In HIV-1-infected adult subjects in Study 903, there was a significantly greater mean percentage decrease from baseline in BMD at the lumbar spine in subjects receiving TDF + 3TC + EFV (-2.2% ± 3.9) compared with subjects receiving d4T + 3TC + EFV (-1.0% ± 4.6) through 144 weeks. Changes in BMD at the hip were similar between the two treatment groups (-2.8% ± 3.5 in the TDF group vs. -2.4% ± 4.5 in the d4T group). In both groups, the majority of the reduction in BMD occurred in the first 24-48 weeks of the trial and this reduction was sustained through Week 144. Twenty-eight percent of TDF-treated subjects vs. 21% of the d4Ttreated subjects lost at least 5% of BMD at the spine or 7% of BMD at the hip. Clinically relevant fractures (excluding fingers and toes) were reported in 4 subjects in the TDF group and 6 subjects in the d4T group. In addition, there were significant increases in biochemical markers of bone metabolism (serum bone-specific alkaline phosphatase, serum osteocalcin, serum C telopeptide, and urinary N telopeptide) and higher serum parathyroid hormone levels and 1,25 Vitamin D levels in the TDF group relative to the d4T group; however, except for bone-specific alkaline phosphatase, these changes resulted in values that remained within the normal range [see WARNINGS AND PRECAUTIONS].
The following adverse reactions have been identified during post-approval use for each of the individual components of CIMDUO (3TC and TDF). Because these reactions are reported voluntarily from a population of unknown size, it is not always possible to reliably estimate their frequency or establish causal relationship to drug exposure. These reactions have been chosen for inclusion due to a combination of their seriousness, frequency of reporting, or potential causal connection to 3TC and TDF.
Body as a Whole: redistribution/accumulation of body fat [see WARNINGS AND PRECAUTIONS].
Endocrine and Metabolic: hyperglycemia.
Hemic and Lymphatic: anemia (including pure red cell aplasia and severe anemias progressing on therapy).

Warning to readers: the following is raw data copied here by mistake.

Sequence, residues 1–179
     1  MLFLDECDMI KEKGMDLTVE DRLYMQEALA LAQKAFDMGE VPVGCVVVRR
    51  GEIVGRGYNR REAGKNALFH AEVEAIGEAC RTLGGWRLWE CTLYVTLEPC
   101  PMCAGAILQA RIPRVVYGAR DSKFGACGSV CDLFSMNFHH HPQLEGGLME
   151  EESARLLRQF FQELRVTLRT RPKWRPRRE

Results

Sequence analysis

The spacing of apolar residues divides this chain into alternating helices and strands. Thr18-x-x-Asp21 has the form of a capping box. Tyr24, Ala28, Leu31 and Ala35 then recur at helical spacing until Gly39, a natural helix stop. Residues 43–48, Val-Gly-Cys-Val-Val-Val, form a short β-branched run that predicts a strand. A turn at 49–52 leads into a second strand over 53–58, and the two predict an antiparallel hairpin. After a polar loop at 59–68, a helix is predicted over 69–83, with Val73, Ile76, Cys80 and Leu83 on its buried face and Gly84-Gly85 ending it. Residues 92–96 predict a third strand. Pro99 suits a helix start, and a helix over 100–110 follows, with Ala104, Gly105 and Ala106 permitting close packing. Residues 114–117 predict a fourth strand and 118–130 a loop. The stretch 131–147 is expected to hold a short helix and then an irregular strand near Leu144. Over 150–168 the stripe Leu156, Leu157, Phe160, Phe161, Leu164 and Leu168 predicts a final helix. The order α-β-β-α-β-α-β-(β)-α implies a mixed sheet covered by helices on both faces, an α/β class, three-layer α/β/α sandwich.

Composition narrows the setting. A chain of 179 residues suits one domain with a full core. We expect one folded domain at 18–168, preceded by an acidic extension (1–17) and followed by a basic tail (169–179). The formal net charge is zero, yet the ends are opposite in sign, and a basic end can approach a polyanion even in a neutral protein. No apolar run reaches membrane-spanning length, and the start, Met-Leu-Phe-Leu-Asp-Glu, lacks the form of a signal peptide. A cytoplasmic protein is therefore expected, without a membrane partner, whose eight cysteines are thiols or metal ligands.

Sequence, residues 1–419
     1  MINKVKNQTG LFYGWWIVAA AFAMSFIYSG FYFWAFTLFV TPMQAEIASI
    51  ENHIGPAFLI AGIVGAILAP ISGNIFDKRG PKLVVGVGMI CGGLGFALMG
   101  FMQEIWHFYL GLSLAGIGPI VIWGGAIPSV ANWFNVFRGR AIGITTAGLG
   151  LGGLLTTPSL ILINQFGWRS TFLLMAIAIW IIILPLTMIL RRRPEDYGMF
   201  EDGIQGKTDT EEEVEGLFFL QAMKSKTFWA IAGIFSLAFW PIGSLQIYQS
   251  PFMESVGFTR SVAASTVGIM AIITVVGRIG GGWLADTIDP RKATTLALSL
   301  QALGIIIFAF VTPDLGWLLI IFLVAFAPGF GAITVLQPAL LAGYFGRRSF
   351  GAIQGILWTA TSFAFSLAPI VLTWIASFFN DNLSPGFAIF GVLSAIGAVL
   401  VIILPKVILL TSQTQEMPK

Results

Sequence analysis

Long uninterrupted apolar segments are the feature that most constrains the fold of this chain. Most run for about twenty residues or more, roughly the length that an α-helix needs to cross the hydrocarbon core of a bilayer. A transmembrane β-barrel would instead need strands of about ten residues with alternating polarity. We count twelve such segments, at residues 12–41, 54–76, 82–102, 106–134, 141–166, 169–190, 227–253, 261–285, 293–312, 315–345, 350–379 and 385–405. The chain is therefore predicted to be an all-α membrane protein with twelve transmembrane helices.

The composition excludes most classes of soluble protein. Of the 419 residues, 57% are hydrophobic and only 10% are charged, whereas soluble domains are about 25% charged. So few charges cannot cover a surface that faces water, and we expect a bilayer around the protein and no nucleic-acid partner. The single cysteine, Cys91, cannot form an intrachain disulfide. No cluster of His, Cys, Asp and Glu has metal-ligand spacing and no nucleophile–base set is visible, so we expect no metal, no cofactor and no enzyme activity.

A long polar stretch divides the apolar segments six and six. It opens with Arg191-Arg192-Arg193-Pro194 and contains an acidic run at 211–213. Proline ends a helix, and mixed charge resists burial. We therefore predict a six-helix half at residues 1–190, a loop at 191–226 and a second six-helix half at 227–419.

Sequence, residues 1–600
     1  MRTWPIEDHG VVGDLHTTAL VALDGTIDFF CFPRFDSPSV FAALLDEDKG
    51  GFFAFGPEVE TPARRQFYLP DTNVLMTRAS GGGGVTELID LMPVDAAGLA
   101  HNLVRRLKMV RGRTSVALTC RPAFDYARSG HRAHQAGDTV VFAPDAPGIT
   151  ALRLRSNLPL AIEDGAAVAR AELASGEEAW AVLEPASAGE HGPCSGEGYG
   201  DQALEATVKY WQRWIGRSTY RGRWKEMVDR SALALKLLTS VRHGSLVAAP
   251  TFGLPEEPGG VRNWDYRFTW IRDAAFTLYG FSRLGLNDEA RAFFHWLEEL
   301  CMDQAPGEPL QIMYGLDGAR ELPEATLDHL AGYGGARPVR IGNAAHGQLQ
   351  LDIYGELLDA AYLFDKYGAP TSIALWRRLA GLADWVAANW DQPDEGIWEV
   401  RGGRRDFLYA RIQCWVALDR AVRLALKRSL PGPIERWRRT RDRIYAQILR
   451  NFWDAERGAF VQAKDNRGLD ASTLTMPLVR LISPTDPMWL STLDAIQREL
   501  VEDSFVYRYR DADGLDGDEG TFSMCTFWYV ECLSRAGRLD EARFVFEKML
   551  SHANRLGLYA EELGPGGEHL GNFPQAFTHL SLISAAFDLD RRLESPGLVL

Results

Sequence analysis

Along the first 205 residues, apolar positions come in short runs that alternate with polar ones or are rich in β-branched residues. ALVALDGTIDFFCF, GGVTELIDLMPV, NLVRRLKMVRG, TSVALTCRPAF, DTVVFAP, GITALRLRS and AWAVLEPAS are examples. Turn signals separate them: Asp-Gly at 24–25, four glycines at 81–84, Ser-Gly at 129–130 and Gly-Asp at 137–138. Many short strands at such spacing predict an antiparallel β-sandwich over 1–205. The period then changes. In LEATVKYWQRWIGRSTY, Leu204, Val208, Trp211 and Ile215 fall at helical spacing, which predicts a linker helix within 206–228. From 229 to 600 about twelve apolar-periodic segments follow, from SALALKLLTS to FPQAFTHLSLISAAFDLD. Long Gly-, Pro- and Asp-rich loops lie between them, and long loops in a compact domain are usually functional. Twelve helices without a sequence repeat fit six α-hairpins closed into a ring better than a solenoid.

Musculoskeletal: muscle weakness, CPK elevation, rhabdomyolysis.
Tenofovir Disoproxil Fumarate
Immune System Disorders: allergic reaction, including angioedema.
Respiratory, Thoracic, and Mediastinal Disorders: dyspnea.
Gastrointestinal Disorders: pancreatitis, increased amylase, abdominal pain.
Renal and Urinary Disorders: renal insufficiency, acute renal failure, renal failure, acute tubular necrosis, Fanconi syndrome, proximal renal tubulopathy, interstitial nephritis (including acute cases), nephrogenic diabetes insipidus, renal insufficiency, increased creatinine, proteinuria, polyuria [see WARNINGS AND PRECAUTIONS].
Hepatobiliary Disorders: hepatic steatosis, hepatitis, increased liver enzymes (most commonly AST, ALT gamma GT).
Skin and Subcutaneous Tissue Disorders: rash.
General Disorders and Administration Site Conditions: asthenia.
The following adverse reactions, listed under the body system headings above, may occur as a consequence of proximal renal tubulopathy: rhabdomyolysis, osteomalacia, hypokalemia, muscular weakness, myopathy, hypophosphatemia.
Drugs Affecting Renal Function
Since tenofovir is primarily eliminated by the kidneys [see CLINICAL PHARMACOLOGY], coadministration of CIMDUO with drugs that reduce renal function or compete for active tubular secretion may increase serum concentrations of tenofovir and/or increase the concentrations of other renally eliminated drugs. Some examples include, but are not limited to cidofovir, acyclovir, valacyclovir, ganciclovir, valganciclovir, aminoglycosides (e.g., gentamicin), and high-dose or multiple NSAIDs [see WARNINGS AND PRECAUTIONS].
HIV-1 Protease Inhibitors
TDF decreases the AUC and Cmin of atazanavir [see CLINICAL PHARMACOLOGY]. When coadministered with CIMDUO, it is recommended that atazanavir 300 mg is given with ritonavir 100 mg. TDF should not be coadministered with atazanavir without ritonavir.